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Electric vehicles are hard to find at the Chicago Auto Show. Next year will be a different story.

Robert Channick, Chicago Tribune on

Published in Automotive News

The auto industry is betting hundreds of billions of dollars that this is the decade you're going to buy an electric vehicle.

From a sporty Ford Mustang crossover to the rebirth of a brawny GMC Hummer truck, legacy and startup automakers alike have hundreds of electric vehicles in the development pipeline, with industry projections that EV sales will surpass traditional internal combustion engines by 2030.

But at the Chicago Auto Show, which runs Feb. 8 to 17 at McCormick Place, full battery-powered EVs were as few and far between as they are on America's roadways, with only a handful of models on display that you can buy and drive now. Based on EV product launches scheduled for 2020 alone, that should change dramatically by next year's show.

"We feel there's going to be a lot of growth," said Ted Cannis, global head of electrification for Ford, which is featuring the Mustang Mach-E at the auto show. "Once you get that critical mass moving -- and it's going to start moving because of us and others in the industry -- you'll have a whole pipeline of activity then."

Little more than a science experiment at the turn of the century, mass produced EVs began hitting the market around 2010 with early entries such as the Nissan Leaf. But limited range, expensive batteries and the lack of an out-of-home charging infrastructure made them little more than a fringe offering.

In 2012, California-based Tesla disrupted the automotive world when it began delivery of its sleek but pricey Model S, which brought blazing speed, 300-mile range and a new vision of electrification to the industry. Tesla delivered 367,500 electric vehicles last year and although it has yet to turn an annual profit, it surpassed $100 billion in valuation -- more than GM and Ford combined.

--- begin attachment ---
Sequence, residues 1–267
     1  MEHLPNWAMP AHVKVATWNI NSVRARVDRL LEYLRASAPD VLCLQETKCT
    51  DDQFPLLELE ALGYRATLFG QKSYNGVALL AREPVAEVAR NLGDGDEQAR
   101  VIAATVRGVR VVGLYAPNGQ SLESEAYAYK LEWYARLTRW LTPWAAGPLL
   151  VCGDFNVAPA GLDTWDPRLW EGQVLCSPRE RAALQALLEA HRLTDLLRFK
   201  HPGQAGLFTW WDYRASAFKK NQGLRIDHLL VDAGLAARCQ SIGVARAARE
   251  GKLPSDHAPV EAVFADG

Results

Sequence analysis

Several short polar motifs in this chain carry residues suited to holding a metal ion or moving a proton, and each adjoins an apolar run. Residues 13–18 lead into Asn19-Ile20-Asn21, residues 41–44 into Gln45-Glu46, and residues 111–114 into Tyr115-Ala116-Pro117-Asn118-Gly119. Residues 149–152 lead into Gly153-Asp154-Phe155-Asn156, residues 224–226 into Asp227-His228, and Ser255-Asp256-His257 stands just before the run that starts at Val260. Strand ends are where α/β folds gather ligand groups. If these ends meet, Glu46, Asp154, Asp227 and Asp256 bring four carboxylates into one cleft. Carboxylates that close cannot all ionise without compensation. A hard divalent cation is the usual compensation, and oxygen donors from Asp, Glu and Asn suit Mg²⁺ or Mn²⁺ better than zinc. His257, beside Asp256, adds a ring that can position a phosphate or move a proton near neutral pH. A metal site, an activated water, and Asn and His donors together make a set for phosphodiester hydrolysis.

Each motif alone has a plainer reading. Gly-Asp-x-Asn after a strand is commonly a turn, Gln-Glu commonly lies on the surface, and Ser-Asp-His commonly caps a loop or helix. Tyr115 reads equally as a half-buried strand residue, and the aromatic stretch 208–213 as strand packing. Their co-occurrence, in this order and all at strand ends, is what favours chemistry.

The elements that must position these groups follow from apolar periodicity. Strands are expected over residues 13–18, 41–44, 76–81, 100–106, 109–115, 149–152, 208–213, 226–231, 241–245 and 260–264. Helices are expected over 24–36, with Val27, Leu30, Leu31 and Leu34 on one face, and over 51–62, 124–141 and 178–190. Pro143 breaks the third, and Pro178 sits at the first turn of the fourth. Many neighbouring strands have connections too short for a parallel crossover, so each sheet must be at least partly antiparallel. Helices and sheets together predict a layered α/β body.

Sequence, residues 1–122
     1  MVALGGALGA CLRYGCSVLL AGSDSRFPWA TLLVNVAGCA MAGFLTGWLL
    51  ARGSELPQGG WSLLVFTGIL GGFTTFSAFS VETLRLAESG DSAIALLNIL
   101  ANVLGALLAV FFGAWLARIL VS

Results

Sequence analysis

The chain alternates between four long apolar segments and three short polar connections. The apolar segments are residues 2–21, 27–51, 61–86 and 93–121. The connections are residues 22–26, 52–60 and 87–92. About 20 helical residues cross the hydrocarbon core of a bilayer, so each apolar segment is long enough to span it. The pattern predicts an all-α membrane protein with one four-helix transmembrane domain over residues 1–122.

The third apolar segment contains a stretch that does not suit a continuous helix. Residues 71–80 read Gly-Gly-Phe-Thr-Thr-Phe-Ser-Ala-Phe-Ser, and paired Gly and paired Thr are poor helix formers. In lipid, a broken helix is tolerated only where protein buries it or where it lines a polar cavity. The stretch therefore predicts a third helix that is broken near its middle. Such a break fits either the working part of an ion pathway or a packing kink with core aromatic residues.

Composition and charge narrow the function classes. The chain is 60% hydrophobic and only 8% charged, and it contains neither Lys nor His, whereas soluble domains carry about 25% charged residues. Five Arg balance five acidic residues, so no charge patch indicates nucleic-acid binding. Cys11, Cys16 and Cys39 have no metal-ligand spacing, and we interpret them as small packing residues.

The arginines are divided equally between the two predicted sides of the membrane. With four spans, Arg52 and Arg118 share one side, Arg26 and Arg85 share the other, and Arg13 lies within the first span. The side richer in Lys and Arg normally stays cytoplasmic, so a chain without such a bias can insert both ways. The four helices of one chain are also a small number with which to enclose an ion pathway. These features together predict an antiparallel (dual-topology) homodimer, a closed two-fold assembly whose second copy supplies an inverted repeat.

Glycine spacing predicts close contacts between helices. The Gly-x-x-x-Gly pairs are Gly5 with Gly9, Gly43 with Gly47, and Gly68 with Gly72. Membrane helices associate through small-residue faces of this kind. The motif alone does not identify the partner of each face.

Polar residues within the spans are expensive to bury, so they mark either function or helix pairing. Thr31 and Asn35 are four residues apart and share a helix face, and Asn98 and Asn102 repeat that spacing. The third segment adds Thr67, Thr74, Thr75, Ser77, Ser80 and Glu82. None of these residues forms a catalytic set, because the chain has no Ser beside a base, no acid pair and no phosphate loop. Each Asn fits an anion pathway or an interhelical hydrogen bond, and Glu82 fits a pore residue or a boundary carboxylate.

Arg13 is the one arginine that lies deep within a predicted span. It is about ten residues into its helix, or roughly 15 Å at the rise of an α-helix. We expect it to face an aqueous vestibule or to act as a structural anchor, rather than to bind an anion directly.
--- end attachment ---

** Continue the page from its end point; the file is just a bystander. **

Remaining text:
While EVs accounted for less than 2% of all auto sales in 2019, automakers are all in for 2020, from Detroit's Big Three to startup electric truck manufacturer Rivian, which is set to begin production later this year in downstate Normal.

Tesla and Rivian were no-shows at this year's auto show, but roughly 10 EV models are on display. Here are some highlights:

Ford Mustang Mach-E

Announced in November, the all-electric 2021 Mustang Mach-E crossover is expected to roll out later this year, with an inaugural production run of about 50,000 vehicles. Built in Mexico, the Mach-E comes in rear-wheel and all-wheel drive and starts at about $44,000, with a high-performance GT version priced at about $60,000. Both qualify for a full $7,500 federal tax rebate.

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